As we start today the Holy Week I cannot not see the intimate connection between forgiveness and the Paschal Mystery. Jesus suffered, was slain and rose from the dead forgiving his enemies!
How can we miss that powerful episode which Luke portrays so well in his Gospel! In chapter 23 of his passion account he recounts: And when they came to the place which is called The Skull, there they crucified him, and the criminals, one on the right and one on the left. And Jesus said, “Father, forgive them; for they know not what they do.” And they cast lots to divide his garments. And the people stood by, watching; but the rulers scoffed at him, saying, “He saved others; let him save himself, if he is the Christ of God, his Chosen One!” (Luke 23:33-35).
The context of the words Father, forgive them, for they know not what they do (Luke 23:34), is dramatic. Starting, of course, from the place itself: The Skull. The latter shows that Jesus was treated like any other criminal. Even though he was innocent. According to the Romans, this spot outside the gates of the city was a place where they crucified criminals as a sign to those who would visit the city that they did not tolerate criminality. Jesus’ death was used as a deterrent for crime. To add insult to injury, the Gospel says that they crucified him with the criminals, one on the right and one of the left (Luke 23:33). Then, after his crucifixion, they cast lots to divide his garments (Luke 23: 34), before his very eyes! Moreover the people that received so much mercy from him, stood by, watching; (Luke 23:35), instead of defending him. The rulers kept ridiculing him by saying: “He saved others; let him save himself, if he is the Christ of God, his Chosen One!” (Luke 23:35).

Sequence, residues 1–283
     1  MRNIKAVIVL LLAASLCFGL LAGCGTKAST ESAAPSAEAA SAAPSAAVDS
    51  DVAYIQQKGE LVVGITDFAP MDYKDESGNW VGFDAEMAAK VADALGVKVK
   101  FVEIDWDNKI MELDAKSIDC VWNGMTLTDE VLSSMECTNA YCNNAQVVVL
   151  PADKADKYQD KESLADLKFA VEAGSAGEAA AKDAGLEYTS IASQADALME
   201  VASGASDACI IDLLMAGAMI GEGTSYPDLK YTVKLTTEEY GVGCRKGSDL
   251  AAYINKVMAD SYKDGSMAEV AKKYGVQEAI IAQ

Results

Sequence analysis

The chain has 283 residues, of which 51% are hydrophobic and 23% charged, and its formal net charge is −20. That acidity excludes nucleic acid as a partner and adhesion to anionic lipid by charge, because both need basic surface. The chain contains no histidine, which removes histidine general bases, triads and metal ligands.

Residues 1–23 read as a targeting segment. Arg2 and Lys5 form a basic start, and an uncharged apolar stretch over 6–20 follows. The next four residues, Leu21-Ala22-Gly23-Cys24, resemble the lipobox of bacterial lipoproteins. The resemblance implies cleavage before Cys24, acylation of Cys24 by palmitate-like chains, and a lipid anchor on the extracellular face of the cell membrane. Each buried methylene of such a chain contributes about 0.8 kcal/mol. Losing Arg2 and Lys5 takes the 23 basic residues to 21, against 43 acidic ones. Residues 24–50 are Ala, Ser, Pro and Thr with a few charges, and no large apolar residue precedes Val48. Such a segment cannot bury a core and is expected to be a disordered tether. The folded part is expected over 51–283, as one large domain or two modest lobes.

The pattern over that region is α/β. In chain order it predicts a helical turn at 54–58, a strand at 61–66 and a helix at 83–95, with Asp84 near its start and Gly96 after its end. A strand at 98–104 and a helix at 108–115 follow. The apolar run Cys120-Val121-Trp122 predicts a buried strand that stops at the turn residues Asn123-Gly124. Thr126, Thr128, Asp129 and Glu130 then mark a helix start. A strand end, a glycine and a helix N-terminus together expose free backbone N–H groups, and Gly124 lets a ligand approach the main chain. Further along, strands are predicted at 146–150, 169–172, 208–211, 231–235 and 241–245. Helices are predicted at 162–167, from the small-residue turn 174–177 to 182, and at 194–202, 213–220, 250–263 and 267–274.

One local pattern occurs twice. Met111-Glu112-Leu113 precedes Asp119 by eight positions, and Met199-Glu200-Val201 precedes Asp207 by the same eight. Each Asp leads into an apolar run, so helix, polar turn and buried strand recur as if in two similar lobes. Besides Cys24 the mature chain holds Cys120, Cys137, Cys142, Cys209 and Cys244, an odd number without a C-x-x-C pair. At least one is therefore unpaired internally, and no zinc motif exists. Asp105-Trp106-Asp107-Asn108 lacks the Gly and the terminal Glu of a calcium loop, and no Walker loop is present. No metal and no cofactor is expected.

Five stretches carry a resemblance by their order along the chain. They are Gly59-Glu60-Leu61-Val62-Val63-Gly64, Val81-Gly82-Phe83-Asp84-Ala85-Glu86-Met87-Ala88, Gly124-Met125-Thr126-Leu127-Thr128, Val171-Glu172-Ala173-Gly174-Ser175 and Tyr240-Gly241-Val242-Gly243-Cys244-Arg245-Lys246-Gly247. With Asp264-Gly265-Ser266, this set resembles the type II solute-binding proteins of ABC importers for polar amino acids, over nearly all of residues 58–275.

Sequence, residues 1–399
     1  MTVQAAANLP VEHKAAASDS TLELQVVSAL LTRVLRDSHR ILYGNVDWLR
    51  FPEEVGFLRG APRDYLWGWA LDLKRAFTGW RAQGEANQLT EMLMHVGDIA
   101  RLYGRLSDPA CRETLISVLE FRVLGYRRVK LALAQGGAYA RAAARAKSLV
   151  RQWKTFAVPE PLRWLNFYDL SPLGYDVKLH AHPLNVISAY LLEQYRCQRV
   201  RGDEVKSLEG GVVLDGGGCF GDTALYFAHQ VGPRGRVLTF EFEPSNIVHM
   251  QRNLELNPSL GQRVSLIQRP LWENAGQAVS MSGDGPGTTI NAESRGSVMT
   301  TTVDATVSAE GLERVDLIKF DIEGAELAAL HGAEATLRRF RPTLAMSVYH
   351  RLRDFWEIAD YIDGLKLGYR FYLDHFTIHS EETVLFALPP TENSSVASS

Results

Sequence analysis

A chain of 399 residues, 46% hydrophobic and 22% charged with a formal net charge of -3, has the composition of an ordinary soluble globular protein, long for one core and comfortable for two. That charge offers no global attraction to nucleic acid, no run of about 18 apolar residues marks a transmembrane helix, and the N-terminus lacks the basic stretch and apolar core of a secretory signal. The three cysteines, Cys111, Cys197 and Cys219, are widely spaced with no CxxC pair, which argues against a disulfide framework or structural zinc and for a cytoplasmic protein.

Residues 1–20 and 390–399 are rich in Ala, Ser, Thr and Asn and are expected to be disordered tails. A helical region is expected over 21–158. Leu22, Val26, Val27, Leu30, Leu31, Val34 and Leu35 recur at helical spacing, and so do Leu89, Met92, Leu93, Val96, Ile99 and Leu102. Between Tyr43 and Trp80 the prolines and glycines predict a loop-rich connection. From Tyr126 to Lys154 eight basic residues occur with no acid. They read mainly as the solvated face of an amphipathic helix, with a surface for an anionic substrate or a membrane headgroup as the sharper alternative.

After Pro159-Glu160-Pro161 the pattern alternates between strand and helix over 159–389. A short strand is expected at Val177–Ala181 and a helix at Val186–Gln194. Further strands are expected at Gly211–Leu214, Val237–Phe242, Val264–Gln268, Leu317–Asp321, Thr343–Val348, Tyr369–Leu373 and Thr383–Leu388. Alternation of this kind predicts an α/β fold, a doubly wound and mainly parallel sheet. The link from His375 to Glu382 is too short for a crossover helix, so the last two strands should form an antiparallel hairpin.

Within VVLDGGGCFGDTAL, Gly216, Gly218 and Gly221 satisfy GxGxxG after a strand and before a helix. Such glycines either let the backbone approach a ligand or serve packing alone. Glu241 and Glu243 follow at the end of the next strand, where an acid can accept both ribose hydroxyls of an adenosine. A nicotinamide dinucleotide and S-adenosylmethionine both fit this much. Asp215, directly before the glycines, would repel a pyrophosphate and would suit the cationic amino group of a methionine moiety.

And Jesus, amid that shame, terror, insults, indifference, and ridicule, his answer was simply that of asking the Father to forgive them because they surely did not know what they were doing. The Church Fathers have some interesting comments to make on Jesus’ forgiveness. St. John Chrysostom says: “Because the Lord had said, Pray for them that persecute you, this likewise He did, when He ascended the cross, as it follows, Then said Jesus, Father, forgive them, not that He was not able Himself to pardon them, but that He might teach us to pray for our persecutors, not only in word, but in deed also”. St Jerome comments: “I can return bite for bite, if I like; when hurt myself, I can fix my teeth in my opponent. I too have had a liberal education. . . . But I prefer to be a disciple of Him who says, ‘I gave my back to the smiters… I hid not my face from shame and spitting.’ When He was reviled He reviled not again. After the buffeting, the cross, the scourge, the blasphemies, at the very last He prayed for His crucifiers, saying, ‘Father, forgive them, for they know not what they do.’ I, too, pardon the error of a brother.” And, St Irenaeus of Lyons reflects: “And from this fact, that He exclaimed upon the cross, ‘Father, forgive them, for they know not what they do,’ the long-suffering, patience, compassion, and goodness of Christ are exhibited, since He both suffered, and did Himself exculpate those who had maltreated Him”.
And what about me and you? Are we ready to forgive and exculpate those who harm us? Are we ready to show them Christ’s compassion, goodness and patience? Even if it means that we suffer in doing that? Do we really consider them as our brothers and sisters? In actual fact, how much are we ready to pray for our persecutors in word and deed?
If, as Pope Francis said in his April 10 catechesis, “we are debtors, … because we have received so much in this life: existence, a father and a mother, friendship, the wonders of Creation . . . because, even if we succeed in loving, none of us is able to do so with his/her own strength… [save] with God’s grace,… we love first of all because we have been loved; we forgive because we have been forgiven,” why not forgiving those who have hurt us?